Although hospitals and physicians are getting together, they aren't always a comfortable fit, Green says. "What I'm hearing hospital leaders saying is that getting a physician to truly buy into the program is an obstacle. There is the culture of the physician and the culture of the hospital," she says. "The hospital wants more evidence-based medicine, more IT support, more of a point of service delivery system. It's not the way most physicians operate. A lot of them [physicians] are going to be very resistant."
2. Patient Focus: "All doctors want to have access and availability for their patients," says Goodman. That seems like a given. But as he sees it, the added regulations and administrative responsibilities have physicians focusing less on patients. "Only one physician in 10 believes that health reform will enhance the quality of care they are able to provide to their patients," says Goodman, referring to foundation surveys released in 2011. In contrast, about 56% believe it will diminish that quality of care, he adds.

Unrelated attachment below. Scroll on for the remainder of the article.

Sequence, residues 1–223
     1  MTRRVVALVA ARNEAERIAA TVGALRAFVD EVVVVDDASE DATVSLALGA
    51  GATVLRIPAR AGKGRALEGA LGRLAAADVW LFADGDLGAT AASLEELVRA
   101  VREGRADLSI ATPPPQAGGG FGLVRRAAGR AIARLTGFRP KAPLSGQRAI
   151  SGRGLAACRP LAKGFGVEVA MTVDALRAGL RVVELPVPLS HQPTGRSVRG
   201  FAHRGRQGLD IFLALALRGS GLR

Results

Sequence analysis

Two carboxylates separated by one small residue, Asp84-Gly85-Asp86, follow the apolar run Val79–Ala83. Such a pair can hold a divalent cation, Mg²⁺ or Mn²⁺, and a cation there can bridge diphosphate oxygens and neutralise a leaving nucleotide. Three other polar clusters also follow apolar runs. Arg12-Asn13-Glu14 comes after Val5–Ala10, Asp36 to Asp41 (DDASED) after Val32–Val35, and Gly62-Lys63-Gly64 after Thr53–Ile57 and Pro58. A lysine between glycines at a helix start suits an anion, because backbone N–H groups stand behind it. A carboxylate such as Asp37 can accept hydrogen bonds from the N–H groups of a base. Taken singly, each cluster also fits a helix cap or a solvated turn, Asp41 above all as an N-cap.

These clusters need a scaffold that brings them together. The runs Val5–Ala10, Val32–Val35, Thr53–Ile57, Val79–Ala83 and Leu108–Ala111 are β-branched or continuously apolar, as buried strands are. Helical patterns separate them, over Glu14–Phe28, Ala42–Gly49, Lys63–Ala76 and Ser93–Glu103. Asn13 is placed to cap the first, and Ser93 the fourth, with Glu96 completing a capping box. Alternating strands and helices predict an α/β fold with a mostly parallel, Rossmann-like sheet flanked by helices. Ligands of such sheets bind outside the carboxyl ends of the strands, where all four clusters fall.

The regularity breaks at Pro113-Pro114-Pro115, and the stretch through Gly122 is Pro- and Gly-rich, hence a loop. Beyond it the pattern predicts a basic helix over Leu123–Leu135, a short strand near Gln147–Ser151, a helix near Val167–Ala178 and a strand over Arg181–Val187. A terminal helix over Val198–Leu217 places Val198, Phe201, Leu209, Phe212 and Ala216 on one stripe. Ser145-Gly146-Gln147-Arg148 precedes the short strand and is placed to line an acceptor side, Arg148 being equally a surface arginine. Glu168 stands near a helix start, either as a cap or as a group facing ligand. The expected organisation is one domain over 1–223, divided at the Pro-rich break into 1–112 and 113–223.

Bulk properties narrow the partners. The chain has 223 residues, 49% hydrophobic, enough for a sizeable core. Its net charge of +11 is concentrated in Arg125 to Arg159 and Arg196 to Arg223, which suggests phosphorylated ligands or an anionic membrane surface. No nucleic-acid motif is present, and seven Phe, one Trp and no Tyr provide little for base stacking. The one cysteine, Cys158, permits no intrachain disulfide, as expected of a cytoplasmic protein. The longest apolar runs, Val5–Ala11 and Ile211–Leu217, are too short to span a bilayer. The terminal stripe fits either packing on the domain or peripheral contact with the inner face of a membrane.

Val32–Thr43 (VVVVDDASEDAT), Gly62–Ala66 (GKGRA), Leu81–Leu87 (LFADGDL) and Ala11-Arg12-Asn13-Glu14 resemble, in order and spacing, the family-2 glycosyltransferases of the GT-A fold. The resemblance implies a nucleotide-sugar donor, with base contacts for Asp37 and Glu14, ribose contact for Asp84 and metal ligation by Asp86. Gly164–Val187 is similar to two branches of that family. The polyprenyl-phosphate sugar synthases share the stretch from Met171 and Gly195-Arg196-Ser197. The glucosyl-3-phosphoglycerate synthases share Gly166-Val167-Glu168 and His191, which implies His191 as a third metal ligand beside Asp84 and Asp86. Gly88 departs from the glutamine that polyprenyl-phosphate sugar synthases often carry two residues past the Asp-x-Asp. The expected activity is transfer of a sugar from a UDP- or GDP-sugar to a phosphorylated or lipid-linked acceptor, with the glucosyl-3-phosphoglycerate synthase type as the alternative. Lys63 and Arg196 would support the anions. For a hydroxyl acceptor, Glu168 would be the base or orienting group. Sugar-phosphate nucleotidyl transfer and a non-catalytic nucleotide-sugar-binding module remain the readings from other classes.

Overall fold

The need to provide higher quality in an environment characterized by increased reporting, problematic reimbursement and high potential liability will place "extraordinarily high stress" on physicians, particularly those in private practice, says Goodman. In 2012, "physicians will increasingly need to balance these competing factors in ways that do not compromise the care they provide to patients," a foundation report states.
Adding to the concerns: the continual, pressing shortages of primary care docs and other specialties, Goodman says. The Association of American Medical Colleges estimates a current shortage of 13,700 doctors nationwide in all specialties. Within the next three years, that number is predicted to spike dramatically to 63,000.